What does it mean to be \” anemic \”?

dog-752937_1920Anemia is a medical term referring to a reduced number of circulating red blood cells (RBC’s), hemoglobin (Hb or Hgb), or both. It is not a specific disease, but rather the result of some other disease process or condition. Hemoglobin delivers oxygen to the cells and tissues of the body, and a patient that is anemic will suffer from symptoms related to a lack of oxygen.

Red blood cells are produced in the bone marrow and are released into the blood, where they circulate for approximately three months in dogs and two months in cats. As they age or become damaged, they are then removed from the bloodstream and their components are recycled to form new red blood cells. The number of red blood cells may become reduced because of decreased production or increased loss.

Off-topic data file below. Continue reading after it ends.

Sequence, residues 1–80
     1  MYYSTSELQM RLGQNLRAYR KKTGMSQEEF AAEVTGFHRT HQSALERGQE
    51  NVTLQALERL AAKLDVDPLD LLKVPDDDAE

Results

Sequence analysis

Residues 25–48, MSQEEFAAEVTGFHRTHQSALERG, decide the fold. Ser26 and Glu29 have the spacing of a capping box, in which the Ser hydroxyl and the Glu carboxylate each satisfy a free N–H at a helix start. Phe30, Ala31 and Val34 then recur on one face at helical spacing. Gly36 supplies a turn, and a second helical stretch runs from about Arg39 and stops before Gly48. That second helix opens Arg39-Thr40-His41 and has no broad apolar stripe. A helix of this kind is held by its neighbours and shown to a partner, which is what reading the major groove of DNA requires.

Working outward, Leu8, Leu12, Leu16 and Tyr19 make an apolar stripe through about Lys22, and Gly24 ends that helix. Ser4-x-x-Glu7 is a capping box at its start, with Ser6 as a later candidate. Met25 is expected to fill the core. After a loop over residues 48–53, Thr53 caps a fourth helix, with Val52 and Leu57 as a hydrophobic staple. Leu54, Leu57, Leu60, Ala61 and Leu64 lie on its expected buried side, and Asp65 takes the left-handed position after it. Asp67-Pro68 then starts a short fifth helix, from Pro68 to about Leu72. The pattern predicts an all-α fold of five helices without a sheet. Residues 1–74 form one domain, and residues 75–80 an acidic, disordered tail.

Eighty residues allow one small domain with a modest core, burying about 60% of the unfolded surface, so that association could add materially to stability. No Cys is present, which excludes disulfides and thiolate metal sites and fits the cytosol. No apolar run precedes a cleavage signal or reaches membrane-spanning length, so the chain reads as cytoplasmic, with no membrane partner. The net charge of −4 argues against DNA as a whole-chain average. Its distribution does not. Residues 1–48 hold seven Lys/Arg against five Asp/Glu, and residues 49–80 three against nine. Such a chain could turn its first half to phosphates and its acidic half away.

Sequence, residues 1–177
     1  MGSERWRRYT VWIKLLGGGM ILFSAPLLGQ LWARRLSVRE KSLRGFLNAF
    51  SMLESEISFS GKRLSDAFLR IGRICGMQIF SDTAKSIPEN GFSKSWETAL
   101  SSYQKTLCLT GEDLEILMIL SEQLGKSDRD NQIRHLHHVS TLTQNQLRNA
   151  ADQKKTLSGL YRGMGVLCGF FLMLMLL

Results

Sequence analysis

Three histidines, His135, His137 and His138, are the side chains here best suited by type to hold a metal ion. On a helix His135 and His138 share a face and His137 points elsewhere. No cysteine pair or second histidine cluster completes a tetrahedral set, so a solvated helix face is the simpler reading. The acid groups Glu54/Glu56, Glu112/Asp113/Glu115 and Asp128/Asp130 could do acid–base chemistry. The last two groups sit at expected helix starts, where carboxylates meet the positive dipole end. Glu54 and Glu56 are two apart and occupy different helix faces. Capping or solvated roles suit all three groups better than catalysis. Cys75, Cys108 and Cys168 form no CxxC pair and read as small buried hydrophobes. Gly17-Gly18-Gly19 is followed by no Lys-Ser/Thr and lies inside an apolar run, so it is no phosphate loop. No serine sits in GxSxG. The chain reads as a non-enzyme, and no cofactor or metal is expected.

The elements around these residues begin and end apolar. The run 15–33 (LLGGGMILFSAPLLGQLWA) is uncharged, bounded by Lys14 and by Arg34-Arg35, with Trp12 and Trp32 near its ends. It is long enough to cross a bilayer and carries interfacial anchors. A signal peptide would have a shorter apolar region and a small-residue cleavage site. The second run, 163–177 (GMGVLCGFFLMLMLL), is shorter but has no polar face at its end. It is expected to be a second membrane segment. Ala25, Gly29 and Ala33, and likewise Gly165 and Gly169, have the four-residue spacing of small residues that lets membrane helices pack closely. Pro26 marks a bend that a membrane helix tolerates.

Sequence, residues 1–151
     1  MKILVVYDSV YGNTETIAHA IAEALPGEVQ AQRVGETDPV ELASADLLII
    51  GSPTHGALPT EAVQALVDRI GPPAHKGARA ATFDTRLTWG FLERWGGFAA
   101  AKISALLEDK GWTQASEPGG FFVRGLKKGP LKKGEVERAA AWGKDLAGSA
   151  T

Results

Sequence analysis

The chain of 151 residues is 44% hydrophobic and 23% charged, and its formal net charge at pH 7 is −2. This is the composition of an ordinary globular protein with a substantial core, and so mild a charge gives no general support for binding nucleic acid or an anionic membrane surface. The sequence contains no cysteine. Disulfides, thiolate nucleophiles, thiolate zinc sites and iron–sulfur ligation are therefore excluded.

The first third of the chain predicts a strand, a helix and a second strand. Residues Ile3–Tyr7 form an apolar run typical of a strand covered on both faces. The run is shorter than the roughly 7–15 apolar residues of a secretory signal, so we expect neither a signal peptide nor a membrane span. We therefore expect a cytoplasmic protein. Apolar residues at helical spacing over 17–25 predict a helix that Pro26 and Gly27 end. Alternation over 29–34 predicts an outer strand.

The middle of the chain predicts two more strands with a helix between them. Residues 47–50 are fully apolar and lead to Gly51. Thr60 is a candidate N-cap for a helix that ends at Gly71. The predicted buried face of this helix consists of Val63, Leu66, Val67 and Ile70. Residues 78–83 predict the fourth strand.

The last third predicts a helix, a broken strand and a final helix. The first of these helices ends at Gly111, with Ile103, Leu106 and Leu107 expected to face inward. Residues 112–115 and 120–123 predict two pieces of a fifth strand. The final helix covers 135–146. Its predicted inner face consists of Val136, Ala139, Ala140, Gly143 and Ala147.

What are the symptoms of anemia?

The most easily observed and common clinical sign of anemia is a loss of the normal pink color of the gums; they may appear pale pink to white when examined.

Anemic dogs also have little stamina or energy, so they seem listless or tire more easily. Pale gums and lethargy indicate the need to perform blood tests.
How is anemia diagnosed?

anemia-1There are several tests that are performed on the blood sample to diagnose anemia. The most common test is the packed cell volume (PCV) or hematocrit (HCT). These tests are often performed as part of a complete blood cell count (CBC). A blood sample is processed in a centrifuge to separate the red blood cells from the plasma (the liquid part of the blood). Once separated, the sample is measured to determine what percentage of the sample is made up of red blood cells. 35% to 55% of the normal dog’s blood will be red blood cells. If the PCV is below 35%, the dog is generally considered anemic. Others tests to determine if a dog is anemic include the red blood cell count (RBC) and the hemoglobin count.